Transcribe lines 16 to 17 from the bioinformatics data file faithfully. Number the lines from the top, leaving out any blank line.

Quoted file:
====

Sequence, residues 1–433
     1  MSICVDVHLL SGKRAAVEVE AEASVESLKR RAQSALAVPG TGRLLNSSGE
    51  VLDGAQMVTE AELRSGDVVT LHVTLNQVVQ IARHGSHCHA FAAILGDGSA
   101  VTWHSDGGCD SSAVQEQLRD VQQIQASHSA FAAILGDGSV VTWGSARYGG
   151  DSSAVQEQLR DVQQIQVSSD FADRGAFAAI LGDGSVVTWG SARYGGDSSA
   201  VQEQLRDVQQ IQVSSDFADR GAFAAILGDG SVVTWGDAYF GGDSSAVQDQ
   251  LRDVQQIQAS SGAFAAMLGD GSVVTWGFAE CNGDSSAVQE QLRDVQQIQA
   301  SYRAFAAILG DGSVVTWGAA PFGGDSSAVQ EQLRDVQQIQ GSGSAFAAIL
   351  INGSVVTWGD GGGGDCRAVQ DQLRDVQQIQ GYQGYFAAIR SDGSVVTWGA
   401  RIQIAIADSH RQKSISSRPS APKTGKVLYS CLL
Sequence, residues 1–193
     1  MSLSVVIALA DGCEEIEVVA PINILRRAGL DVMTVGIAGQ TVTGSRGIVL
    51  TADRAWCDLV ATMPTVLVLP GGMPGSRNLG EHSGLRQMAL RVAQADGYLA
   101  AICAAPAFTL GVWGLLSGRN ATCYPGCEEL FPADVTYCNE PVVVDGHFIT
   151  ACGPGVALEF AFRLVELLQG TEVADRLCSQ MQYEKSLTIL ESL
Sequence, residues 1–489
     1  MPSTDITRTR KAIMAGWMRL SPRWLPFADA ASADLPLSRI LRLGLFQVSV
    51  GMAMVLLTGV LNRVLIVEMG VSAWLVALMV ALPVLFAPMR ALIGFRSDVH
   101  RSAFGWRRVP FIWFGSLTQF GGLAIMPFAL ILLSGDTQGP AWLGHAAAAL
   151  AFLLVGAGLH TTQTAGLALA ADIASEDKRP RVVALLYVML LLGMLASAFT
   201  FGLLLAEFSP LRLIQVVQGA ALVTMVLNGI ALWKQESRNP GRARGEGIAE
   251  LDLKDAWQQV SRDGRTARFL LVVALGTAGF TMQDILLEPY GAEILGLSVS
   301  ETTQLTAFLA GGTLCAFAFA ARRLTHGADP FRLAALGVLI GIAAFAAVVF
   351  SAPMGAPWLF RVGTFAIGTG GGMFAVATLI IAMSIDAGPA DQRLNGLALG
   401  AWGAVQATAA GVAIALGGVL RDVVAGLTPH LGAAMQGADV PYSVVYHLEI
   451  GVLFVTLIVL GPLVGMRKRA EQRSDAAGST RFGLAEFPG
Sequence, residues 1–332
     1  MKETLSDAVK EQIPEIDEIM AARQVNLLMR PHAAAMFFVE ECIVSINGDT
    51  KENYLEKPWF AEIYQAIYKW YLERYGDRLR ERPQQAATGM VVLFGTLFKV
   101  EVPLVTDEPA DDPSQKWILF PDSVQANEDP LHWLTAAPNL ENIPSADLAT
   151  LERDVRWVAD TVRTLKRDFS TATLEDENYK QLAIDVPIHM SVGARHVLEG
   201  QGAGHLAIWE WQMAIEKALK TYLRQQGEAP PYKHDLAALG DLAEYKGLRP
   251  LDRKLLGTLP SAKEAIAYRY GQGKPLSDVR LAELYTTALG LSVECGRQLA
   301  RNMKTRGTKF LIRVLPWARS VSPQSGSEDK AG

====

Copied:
Sequence, residues 1–489
     1  MPSTDITRTR KAIMAGWMRL SPRWLPFADA ASADLPLSRI LRLGLFQVSV